A longitudinal study on cardiac effects of deconditioning and physical reconditioning using the anterior cruciate ligament injury as a model.

Research output: Contribution to journalArticle


BACKGROUND: Studies of cardiovascular deconditioning are primarily carried out after experimental bed rest. No previous study has followed the cardiovascular effects of decreased and resumed physical activity in athletes after acute physical injury and convalescence. Anterior cruciate ligament (ACL) injury causes a significantly decreased activity level over a long period, making it an ideal model for studying effects of deconditioning and reconditioning. Therefore, the aim of this study was to investigate how cardiac dimensions and maximal exercise capacity change after an ACL-injury. METHOD: Seventeen athletes (5 women) were included. Cardiac magnetic resonance (CMR) was performed within 5 days of the injury (CMR1), before endurance training was resumed (CMR2) and 6 months after the second scan (CMR3). Maximal exercise testing was performed on the same day as CMR2 and 3. RESULTS: The deconditioning phase between CMR1 and CMR2 was 59 ± 28 days. Total heart volume (THV) decreased with -3·1 ± 6·7%, P = 0·056. Between CMR2 and 3 (reconditioning), THV increased significantly (2·5 ± 4·6%, P<0·05). Left and right ventricular EDV decreased during deconditioning (-3·0 ± 5·6% and -4·7 ± 6·6%) and increased during reconditioning (1·7 ± 3·9% and 2·6 ± 6·2%) however not statistically significant. Left ventricular mass (LVM) remained unchanged. VO2 peak (mlmin(-1) kg(-1) ) increased significantly during the reconditioning phase (6·1 ± 5·3%, P<0·001). CONCLUSION: Physiological cardiac adaptation to deconditioning and reconditioning caused by severe knee injury with maintained normal daily living during convalescence was smaller than previously shown in bed rest studies. Total heart volume and VO2 peak were significantly affected by reconditioning whilst LVEDV, RVEDV and LVM remained unchanged over the study period.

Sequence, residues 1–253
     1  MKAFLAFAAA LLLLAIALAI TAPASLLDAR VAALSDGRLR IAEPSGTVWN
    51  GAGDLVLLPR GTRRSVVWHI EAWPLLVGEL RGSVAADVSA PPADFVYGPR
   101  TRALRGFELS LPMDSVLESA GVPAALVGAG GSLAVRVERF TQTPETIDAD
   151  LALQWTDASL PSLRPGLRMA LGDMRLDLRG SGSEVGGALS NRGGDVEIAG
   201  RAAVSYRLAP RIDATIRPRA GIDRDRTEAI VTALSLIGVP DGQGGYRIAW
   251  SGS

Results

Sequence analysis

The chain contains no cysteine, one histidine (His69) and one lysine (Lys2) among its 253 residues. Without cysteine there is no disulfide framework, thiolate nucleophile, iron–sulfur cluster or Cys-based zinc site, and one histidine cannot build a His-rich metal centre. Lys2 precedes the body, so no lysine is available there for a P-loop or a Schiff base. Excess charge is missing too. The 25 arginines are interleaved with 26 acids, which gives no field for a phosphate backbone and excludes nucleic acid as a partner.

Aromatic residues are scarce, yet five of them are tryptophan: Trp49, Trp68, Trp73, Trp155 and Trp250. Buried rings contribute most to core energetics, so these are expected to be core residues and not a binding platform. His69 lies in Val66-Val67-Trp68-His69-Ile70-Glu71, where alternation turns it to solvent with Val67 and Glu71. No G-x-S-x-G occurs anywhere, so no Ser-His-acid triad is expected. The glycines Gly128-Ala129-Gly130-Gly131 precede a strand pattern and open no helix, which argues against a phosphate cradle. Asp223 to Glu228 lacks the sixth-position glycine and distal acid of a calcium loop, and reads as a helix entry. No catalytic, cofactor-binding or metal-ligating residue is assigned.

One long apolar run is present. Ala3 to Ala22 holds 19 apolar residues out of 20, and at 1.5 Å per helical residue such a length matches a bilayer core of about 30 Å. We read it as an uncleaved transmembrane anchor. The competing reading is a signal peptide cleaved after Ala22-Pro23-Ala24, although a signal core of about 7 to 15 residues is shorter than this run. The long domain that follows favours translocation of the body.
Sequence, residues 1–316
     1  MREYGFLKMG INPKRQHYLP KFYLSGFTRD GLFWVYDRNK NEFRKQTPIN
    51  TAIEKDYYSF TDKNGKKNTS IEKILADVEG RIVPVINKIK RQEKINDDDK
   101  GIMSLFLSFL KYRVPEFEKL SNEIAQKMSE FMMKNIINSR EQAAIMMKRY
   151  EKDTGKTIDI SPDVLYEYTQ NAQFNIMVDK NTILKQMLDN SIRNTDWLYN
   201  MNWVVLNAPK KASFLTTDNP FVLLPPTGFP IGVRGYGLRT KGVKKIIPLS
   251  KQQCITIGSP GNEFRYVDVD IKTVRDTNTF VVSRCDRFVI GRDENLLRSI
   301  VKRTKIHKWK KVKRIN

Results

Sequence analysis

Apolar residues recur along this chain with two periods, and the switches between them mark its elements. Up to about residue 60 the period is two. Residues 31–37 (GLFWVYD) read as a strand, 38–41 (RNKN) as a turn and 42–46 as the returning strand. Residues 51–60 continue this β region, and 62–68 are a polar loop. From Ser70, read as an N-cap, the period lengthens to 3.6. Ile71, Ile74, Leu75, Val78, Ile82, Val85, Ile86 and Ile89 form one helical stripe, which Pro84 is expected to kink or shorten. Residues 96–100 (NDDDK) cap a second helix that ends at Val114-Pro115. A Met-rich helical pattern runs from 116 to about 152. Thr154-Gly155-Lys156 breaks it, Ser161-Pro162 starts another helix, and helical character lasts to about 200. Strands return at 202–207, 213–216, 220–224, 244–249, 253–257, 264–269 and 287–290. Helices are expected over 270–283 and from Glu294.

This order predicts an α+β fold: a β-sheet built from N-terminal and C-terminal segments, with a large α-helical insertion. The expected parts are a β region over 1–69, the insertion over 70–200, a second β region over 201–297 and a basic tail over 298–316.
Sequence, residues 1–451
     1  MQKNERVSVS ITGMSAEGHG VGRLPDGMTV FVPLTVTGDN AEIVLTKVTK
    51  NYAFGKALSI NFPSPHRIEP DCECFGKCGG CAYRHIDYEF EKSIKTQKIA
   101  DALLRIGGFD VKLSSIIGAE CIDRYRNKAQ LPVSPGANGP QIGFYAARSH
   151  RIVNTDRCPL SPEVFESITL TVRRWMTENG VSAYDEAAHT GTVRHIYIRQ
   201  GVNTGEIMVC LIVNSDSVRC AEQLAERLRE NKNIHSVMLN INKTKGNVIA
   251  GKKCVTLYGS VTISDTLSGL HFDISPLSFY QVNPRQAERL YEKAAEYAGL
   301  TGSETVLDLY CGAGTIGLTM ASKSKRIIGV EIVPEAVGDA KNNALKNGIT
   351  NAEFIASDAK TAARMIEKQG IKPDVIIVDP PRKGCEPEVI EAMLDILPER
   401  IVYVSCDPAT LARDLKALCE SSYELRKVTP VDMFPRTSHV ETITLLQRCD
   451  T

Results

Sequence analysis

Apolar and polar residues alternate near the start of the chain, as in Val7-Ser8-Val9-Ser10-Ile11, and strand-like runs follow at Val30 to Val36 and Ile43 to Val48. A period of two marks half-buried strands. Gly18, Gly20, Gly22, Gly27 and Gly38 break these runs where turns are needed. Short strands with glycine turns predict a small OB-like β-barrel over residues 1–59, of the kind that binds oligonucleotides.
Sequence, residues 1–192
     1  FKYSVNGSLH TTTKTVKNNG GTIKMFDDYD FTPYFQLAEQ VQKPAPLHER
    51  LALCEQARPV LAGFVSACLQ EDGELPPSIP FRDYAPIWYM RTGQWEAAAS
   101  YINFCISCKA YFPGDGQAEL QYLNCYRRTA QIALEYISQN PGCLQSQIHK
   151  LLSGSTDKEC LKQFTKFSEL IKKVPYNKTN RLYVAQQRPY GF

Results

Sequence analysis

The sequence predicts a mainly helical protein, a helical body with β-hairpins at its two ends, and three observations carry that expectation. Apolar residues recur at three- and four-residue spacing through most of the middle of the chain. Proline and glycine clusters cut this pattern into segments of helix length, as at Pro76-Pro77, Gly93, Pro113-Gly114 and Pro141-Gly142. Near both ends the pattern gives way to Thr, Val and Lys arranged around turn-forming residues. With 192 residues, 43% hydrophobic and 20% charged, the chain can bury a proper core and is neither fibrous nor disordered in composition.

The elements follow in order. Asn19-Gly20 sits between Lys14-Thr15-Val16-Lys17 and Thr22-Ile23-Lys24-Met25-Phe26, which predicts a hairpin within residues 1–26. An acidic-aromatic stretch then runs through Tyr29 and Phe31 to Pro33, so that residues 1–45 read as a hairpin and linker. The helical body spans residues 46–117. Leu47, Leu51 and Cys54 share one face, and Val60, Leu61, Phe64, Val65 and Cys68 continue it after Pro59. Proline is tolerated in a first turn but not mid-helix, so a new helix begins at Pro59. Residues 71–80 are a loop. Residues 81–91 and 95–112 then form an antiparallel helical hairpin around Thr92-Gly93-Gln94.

Research areas and keywords

Subject classification (UKÄ) – MANDATORY

  • Physiology
Original languageEnglish
Pages (from-to)423-430
JournalClinical Physiology and Functional Imaging
Issue number6
Publication statusPublished - 2013
Publication categoryResearch

Bibliographic note

The information about affiliations in this record was updated in December 2015. The record was previously connected to the following departments: Reconstructive Surgery (013240300), Department of Clinical Physiology (Lund) (013013000)